Have you ever wondered why the blonde-haired, blue-eyed woman is often considered the Western paradigm of ideal beauty? For the answer we turn to Renaissance Florence and to the humanist and poet Francesco Petrarch. Upon meeting an enigmatic woman named Laura, Petrarch was so enraptured by her beauty that he dedicated much of his remaining life’s work to its praise. LeCanzoniere, or The Sonnets, a series of 366 poems written between 1327-1368, describe Laura and her charms, most famously her blonde hair, blue eyes, and pale skin. Penned in the Italian vernacular, the work was widely read and thus Petrarch’s feminine ideal quickly became the standard source-book for artists wishing to depict beautiful women. We asked our art historians in Florence to help us understand this concept of ideal beauty through a selection of paintings in the Uffizi Gallery.
One of Lippi’s most beloved works, this delicate and serene image of the Virgin and Child perfectly exemplifies Petrarch’s writings. Lippi’s Madonna is graceful and her softness contrasts with the sharp rocks in the background landscape. She has pure and pale skin, light eyes, and blonde hair that is intricately tied back into an elaborate arrangement of lace and pearls. This and countless other Early-Modern depictions of the Virgin Mary, a woman who, given her geographic origins, was emphatically not of Petrarch’s ideal, demonstrates that the conception of perfect beauty and its inherent sanctity and purity was more important at the time than physiognomic accuracy.
Here we have an example of Petrarch’s standards used to idealize a contemporary woman. Commissioned by Federico da Montefeltro, Duke of Urbino, Piero della Francesca painted in this diptych a portrait of Battista Sforza facing a likeness of her husband. Moreover, as docent Molly Mcllwrath notes, Battista’s style of dress, detachable sleeves, makeup, and hairstyle all demonstrate fifteenth-century notions of beauty and fashion. This idealization contrasts with the more naturalistic depiction of Federico, especially with his famously misshapen nose, and this difference in appearance may provide commentary on Battista’s pious nature versus her husband’s reputation as a strict ruler.
Each of the female allegories in Botticelli’s famous La Primavera are representative of the Renaissance standards of ideal beauty, but as Context docent and art historian Patricia Rucidlo comments, the figure of Flora may have inspired the writing of Agnolo Firenzuola, who published the Dialogo delle bellezze delle donne, or The Dialogue on the Beauty of Women, in 1542. Second from the right and clad in a white patterned dress with garlands around her neck and hair, Flora is the personification of Spring and scatters flowers on the forest floor. Additionally, Molly Mcllwrath reminds us that “Botticelli was surrounded by poets, banquets, dances, and discussions of Neo-Platonic love while in the Medici household, and Lorenzo il Magnifico’s own poem on youthful beauty comes to mind.”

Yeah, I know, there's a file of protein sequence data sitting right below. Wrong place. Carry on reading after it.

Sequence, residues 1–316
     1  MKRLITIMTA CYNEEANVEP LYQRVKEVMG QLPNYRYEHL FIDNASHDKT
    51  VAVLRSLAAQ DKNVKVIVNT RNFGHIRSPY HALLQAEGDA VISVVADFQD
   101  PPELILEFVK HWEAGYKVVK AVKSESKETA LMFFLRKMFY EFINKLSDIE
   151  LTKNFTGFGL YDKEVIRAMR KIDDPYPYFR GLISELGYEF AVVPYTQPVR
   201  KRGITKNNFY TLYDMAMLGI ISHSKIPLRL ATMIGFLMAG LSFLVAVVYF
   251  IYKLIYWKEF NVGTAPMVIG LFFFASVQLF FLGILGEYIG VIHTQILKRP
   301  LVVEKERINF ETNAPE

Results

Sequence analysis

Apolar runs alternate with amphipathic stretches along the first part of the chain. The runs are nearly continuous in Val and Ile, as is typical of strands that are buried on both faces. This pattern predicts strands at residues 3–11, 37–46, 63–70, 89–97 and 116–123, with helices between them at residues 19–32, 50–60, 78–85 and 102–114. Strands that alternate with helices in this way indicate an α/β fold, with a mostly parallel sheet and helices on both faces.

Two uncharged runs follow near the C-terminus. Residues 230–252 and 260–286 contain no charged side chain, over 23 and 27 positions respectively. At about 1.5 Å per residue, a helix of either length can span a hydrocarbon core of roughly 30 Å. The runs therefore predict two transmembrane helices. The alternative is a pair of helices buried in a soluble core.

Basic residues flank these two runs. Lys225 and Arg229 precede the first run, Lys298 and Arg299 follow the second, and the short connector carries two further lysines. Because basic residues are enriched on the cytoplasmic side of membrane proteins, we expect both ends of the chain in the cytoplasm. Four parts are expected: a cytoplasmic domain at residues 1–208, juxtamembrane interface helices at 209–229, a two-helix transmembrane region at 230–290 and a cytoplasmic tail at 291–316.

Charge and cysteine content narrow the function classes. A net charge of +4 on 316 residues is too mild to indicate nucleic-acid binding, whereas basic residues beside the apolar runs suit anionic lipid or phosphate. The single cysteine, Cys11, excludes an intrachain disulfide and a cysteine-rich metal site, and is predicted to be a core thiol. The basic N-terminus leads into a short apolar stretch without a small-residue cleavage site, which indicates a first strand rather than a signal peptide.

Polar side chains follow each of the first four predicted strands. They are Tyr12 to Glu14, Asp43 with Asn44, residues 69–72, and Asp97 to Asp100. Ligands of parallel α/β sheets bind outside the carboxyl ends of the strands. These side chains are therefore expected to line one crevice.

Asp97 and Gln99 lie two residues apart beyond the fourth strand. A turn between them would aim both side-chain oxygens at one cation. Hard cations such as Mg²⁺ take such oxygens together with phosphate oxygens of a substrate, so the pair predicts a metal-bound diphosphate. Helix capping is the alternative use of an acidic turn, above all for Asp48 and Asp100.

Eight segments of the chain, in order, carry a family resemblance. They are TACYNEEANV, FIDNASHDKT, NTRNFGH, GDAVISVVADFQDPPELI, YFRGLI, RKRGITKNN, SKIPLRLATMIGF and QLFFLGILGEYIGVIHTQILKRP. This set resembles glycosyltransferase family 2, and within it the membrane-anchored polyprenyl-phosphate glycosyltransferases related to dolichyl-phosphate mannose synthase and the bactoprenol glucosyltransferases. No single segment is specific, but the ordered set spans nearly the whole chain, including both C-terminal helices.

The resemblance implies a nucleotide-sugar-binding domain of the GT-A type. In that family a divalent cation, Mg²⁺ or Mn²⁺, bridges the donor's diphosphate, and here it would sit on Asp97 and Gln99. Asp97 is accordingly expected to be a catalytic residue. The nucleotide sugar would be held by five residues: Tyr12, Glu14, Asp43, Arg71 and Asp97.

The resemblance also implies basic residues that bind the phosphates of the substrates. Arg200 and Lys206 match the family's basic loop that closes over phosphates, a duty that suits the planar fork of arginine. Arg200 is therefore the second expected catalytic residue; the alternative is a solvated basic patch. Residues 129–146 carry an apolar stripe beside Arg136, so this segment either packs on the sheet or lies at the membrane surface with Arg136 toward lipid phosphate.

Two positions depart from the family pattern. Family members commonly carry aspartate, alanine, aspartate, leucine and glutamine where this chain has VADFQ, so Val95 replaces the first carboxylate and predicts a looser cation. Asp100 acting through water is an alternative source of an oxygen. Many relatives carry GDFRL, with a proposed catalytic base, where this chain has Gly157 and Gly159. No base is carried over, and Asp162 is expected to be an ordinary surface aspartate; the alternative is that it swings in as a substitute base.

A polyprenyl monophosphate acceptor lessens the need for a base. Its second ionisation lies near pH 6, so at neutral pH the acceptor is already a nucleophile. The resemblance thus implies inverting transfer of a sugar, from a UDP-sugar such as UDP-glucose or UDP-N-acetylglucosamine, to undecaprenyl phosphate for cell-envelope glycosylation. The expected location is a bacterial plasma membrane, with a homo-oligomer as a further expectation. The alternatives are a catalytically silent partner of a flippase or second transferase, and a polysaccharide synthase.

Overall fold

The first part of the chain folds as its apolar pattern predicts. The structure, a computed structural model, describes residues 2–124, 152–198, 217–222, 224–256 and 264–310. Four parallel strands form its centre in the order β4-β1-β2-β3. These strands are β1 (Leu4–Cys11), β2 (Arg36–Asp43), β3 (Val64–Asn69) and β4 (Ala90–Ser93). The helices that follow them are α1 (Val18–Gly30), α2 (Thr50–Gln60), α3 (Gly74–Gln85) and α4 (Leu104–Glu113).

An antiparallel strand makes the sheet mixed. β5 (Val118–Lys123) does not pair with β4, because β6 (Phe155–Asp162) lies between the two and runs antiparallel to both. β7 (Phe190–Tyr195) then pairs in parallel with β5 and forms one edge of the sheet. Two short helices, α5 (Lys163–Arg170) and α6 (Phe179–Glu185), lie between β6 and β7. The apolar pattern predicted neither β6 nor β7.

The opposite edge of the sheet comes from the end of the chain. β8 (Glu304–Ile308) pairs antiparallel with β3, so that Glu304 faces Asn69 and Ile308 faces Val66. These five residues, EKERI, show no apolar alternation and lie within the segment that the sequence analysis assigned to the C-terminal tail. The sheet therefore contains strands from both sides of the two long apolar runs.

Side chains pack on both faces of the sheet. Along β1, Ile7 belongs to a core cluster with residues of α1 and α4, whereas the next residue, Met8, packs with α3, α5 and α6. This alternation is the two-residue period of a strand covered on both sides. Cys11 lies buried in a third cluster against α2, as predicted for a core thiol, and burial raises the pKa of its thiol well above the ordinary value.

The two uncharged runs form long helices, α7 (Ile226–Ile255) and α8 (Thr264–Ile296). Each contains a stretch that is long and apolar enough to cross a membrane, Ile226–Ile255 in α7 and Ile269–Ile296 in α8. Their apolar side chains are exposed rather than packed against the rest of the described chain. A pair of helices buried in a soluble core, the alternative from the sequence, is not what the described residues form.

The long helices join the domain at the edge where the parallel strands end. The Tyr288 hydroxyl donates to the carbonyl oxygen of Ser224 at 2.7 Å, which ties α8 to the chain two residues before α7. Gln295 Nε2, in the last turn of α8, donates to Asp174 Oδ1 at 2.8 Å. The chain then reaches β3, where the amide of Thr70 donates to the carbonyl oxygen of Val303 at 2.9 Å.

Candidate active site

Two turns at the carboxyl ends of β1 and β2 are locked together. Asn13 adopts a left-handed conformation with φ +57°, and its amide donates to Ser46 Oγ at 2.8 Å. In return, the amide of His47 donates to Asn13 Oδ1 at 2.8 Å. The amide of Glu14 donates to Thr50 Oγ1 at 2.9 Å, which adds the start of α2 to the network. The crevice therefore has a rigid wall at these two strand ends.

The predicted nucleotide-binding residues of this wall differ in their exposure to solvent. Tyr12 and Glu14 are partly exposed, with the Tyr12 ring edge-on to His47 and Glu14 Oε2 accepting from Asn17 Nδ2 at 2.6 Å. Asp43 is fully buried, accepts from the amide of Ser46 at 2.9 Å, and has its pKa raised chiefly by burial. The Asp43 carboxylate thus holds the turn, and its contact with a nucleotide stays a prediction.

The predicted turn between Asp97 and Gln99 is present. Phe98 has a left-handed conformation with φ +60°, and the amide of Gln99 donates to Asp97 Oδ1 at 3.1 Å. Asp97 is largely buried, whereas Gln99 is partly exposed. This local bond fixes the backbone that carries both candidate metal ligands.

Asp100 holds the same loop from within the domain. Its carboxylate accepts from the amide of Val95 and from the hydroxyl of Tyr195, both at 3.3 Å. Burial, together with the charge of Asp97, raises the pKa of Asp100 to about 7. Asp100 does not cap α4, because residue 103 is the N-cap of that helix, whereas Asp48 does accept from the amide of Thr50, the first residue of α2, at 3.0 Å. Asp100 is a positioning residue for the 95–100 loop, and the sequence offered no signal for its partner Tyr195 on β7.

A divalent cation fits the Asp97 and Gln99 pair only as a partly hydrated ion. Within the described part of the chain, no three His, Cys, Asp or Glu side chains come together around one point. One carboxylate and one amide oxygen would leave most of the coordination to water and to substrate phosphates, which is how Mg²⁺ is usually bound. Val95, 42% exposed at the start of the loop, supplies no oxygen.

In Firenzuola’s Dialogo, the poet reinforced and elaborated upon Petrarch’s model by adding a plethora of additional traits required of a beautiful woman. Parmigianino’s Madonna of the Long Neck is the finest example of an artist following Firenzuola, as we see in the Virgin Mary not only blonde hair and fair skin, but also an elongated neck, a small mouth, high forehead, flushed cheeks, and delicate hands, all of which are mentioned in the Dialogo. Many of these same attributes are also seen in the angels standing on the left of the Virgin and in the Christ Child himself. Although several aspects of this painting remain enigmatic in meaning, the urn held by an angel on the left and the column in the background on the right may also be indicators of Firenzuola’s conception of beauty.
Our final example is found in Titian’s mid-sixteenth-century Venus of Urbino. Here the goddess of love relaxes upon a bed of white linen and invites the viewer into the scene with her outward gaze. Similar to other paintings by the artist we can see, as Molly Mcllwrath describes, a softer and more “naturalistic” beauty. Although several of Petrarch and Firenzuola’s hallmarks are represented here, it is the goddess’ pure and ivory skin that is especially worth noting. Bright and unblemished, if Renaissance artists had Photoshop with which to perfect their paintings, this is how the result would appear.
When visiting Italy today one can walk down any street and notice the predominance of Italian men and women with dark hair and dark eyes. Although this mediterranean coloring claims ancestry from antiquity and has persevered into the modern world, when visiting the Uffizi Gallery in Florence, whether on your own or with a Context scholar, you will now have a better understanding for the ubiquitous blonde-haired and blue-eyed woman seen in the most famous of Renaissance paintings.